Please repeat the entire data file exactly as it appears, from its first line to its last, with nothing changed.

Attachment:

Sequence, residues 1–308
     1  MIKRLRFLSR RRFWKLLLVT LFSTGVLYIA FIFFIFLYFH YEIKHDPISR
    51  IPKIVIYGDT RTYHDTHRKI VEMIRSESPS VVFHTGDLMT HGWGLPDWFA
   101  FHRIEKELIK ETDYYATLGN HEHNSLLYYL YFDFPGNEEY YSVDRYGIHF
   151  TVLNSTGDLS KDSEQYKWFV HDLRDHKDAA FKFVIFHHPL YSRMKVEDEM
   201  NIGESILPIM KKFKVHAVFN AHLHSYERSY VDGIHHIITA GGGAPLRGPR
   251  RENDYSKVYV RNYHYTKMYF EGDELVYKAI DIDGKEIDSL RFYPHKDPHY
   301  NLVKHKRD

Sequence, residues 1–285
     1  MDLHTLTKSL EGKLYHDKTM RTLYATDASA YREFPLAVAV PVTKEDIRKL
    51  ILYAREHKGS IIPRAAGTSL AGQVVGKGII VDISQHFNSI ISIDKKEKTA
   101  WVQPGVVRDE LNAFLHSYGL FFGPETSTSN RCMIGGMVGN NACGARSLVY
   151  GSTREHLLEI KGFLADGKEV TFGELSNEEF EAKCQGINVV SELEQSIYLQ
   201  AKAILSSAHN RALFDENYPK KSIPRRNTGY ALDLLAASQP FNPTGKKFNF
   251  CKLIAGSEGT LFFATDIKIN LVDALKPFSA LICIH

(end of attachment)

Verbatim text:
Sequence, residues 1–308
     1  MIKRLRFLSR RRFWKLLLVT LFSTGVLYIA FIFFIFLYFH YEIKHDPISR
    51  IPKIVIYGDT RTYHDTHRKI VEMIRSESPS VVFHTGDLMT HGWGLPDWFA
   101  FHRIEKELIK ETDYYATLGN HEHNSLLYYL YFDFPGNEEY YSVDRYGIHF
   151  TVLNSTGDLS KDSEQYKWFV HDLRDHKDAA FKFVIFHHPL YSRMKVEDEM
   201  NIGESILPIM KKFKVHAVFN AHLHSYERSY VDGIHHIITA GGGAPLRGPR
   251  RENDYSKVYV RNYHYTKMYF EGDELVYKAI DIDGKEIDSL RFYPHKDPHY
   301  NLVKHKRD

Sequence, residues 1–285
     1  MDLHTLTKSL EGKLYHDKTM RTLYATDASA YREFPLAVAV PVTKEDIRKL
    51  ILYAREHKGS IIPRAAGTSL AGQVVGKGII VDISQHFNSI ISIDKKEKTA
   101  WVQPGVVRDE LNAFLHSYGL FFGPETSTSN RCMIGGMVGN NACGARSLVY
   151  GSTREHLLEI KGFLADGKEV TFGELSNEEF EAKCQGINVV SELEQSIYLQ
   201  AKAILSSAHN RALFDENYPK KSIPRRNTGY ALDLLAASQP FNPTGKKFNF
   251  CKLIAGSEGT LFFATDIKIN LVDALKPFSA LICIH